Wednesday, August 26, 2009

Art Folders and assessment philosophy.

In my previous post I wrote the following concerning assessing the arts:

How does one measure attitudes, self-confidence, self-discipline, a sense of accomplishment, or the development of a student’s neurobiological system? A highly structured arts program complete with a highly structured assessment can’t accurately measure these things. And if the arts are highly structured, there is a danger that individual expression may diminish or be completely lost. Many students will turn off to the arts. This is the exact opposite of what we want to accomplish through the arts.

(I should say from the start that I'm really talking about the report card grades here and not the grades of each individual assignment. While I do grade some assignments, I only do so for my own personal record keeping. I'm more interested in celebrating work accomplished and hearing what students says about their own work, what they like about their work, why they chose the colors they chose, or whatever their thoughts are when reflecting on completed work. In my view, at least at the elementary level, the worst thing to do is to grade each piece of work. Some students already have the "I can't do it" attitude and it seems to me that assigning grades to each assignment would only reinforce that attitude in some students.)

I've always struggled with assessments in visual arts. I don't like attaching a "grade" to a child's artwork. I'd rather simply grade according to a student's attendance and class participation. In my view, the skills students possess in the arts aren't as important as their level of engagement. If, for example, a gifted student slacks off, but produces work that is above that of his/her peers, in most systems they could still get a good grade. Conversely, a student who is fully engaged in the art assignments, displays a positive attitude, but lacks the skills to produce exemplary work, might not receive a good grade, despite the hard work. But which is a more important attribute: natural skill or a good work ethic and positive attitude?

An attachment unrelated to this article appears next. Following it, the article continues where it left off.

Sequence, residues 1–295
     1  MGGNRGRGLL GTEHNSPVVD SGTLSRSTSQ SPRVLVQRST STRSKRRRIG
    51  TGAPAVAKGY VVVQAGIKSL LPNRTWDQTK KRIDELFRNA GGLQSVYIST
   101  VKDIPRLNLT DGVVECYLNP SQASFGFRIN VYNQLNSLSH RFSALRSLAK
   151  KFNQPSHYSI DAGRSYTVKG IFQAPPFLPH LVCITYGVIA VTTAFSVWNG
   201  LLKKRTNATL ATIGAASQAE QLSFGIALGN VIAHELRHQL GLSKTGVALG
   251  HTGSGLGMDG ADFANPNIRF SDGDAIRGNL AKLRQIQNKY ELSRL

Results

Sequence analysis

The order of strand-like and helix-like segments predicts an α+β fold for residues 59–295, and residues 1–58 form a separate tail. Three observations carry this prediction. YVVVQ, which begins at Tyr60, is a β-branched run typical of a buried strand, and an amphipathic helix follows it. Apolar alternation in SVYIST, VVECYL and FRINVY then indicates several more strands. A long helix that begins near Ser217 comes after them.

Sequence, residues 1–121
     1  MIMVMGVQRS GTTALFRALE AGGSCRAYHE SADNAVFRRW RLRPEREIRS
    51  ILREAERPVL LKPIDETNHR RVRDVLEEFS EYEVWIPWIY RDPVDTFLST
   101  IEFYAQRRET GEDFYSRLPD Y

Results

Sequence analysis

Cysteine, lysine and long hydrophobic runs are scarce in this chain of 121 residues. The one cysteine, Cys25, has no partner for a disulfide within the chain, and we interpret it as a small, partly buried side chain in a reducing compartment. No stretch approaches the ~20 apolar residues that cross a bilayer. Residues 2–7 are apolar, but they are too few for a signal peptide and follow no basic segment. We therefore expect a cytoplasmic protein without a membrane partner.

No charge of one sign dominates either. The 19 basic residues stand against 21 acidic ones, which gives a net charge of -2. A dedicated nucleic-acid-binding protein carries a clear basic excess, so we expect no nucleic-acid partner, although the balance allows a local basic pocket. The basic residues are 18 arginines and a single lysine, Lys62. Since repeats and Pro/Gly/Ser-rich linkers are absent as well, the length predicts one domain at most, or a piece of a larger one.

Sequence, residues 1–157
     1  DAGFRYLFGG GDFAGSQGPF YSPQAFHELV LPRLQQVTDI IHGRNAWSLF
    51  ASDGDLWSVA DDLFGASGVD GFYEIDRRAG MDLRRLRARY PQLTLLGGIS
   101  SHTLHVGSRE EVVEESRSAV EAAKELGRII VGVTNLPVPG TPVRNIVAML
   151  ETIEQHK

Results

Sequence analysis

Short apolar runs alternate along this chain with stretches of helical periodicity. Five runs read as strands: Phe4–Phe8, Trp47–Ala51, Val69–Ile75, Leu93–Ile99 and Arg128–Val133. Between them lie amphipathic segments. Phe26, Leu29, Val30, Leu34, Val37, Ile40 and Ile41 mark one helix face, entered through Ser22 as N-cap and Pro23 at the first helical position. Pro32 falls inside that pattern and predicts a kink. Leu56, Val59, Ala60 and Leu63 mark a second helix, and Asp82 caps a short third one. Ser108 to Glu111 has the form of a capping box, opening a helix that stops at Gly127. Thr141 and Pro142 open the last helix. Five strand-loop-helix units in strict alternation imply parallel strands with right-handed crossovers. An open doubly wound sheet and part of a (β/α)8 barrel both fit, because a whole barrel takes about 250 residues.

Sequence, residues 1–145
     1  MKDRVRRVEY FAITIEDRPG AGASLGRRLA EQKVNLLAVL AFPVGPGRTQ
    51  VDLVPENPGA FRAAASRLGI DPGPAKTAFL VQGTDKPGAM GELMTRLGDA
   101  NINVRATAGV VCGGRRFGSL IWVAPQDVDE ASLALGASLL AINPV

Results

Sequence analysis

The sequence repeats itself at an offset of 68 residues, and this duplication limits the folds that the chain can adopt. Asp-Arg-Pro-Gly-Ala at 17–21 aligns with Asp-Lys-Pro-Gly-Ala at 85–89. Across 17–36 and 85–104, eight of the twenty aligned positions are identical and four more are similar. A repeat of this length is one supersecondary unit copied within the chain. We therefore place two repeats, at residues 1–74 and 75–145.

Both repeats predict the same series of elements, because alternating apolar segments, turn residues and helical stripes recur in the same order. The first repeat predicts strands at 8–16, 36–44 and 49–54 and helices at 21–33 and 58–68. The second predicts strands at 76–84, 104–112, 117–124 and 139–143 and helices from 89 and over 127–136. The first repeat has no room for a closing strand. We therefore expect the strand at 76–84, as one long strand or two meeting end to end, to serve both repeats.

I don't have the luxury of using the “pass/fail” approach that Jensen's suggests as a better way to assess the arts. In the system I must use, the grading is on a scale of 1-4. A "3" is given if the student is meeting the State standards for that grade level.

Using this system for recording grades, my approach is very simple. During the first two class meetings I have the students take an 11x17 piece of white construction paper, fold it in half, and use that "folder" to put all their class assignments and sketches in. I try to do a quick assessment of each child's work as they are completing each project. I do this during class. I also review their folder work and do a quick visual assessment of their work.

There are a few specifics I am looking for when assigning a grade. Did the student complete the assignments and exercises in class? How well did they follow the instructions given? Did the student demonstrate a level of understanding of the concepts being learned? I try to follow Jensen's suggestions for the "pass/fail" approach even though I'm giving a numerical grade.

The criteria for pass/fail are simple, straightforward and reachable by all students. Students must have good attendance in class, participate in the class activities, develop a portfolio of their work, get portfolio feedback via peer sharing as well as other ideas listed by Jensen, and participate in a student/teacher conference.